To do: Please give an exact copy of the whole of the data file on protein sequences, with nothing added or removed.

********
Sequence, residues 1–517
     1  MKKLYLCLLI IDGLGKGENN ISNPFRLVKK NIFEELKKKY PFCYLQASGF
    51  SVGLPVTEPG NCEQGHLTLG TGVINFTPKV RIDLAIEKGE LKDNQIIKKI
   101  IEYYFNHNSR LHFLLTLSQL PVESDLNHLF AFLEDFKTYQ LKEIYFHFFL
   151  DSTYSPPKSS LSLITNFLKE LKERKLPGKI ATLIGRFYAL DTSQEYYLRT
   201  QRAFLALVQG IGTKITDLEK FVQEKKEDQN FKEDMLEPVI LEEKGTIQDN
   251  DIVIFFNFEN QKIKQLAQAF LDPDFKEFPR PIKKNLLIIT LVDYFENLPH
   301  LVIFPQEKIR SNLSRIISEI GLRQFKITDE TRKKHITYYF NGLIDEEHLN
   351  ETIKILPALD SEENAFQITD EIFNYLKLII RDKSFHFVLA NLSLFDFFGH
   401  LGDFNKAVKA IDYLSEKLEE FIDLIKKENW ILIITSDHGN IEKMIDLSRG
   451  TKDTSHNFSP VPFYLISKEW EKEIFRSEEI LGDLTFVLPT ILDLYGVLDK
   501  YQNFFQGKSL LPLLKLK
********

Sequence, residues 1–517
     1  MKKLYLCLLI IDGLGKGENN ISNPFRLVKK NIFEELKKKY PFCYLQASGF
    51  SVGLPVTEPG NCEQGHLTLG TGVINFTPKV RIDLAIEKGE LKDNQIIKKI
   101  IEYYFNHNSR LHFLLTLSQL PVESDLNHLF AFLEDFKTYQ LKEIYFHFFL
   151  DSTYSPPKSS LSLITNFLKE LKERKLPGKI ATLIGRFYAL DTSQEYYLRT
   201  QRAFLALVQG IGTKITDLEK FVQEKKEDQN FKEDMLEPVI LEEKGTIQDN
   251  DIVIFFNFEN QKIKQLAQAF LDPDFKEFPR PIKKNLLIIT LVDYFENLPH
   301  LVIFPQEKIR SNLSRIISEI GLRQFKITDE TRKKHITYYF NGLIDEEHLN
   351  ETIKILPALD SEENAFQITD EIFNYLKLII RDKSFHFVLA NLSLFDFFGH
   401  LGDFNKAVKA IDYLSEKLEE FIDLIKKENW ILIITSDHGN IEKMIDLSRG
   451  TKDTSHNFSP VPFYLISKEW EKEIFRSEEI LGDLTFVLPT ILDLYGVLDK
   501  YQNFFQGKSL LPLLKLK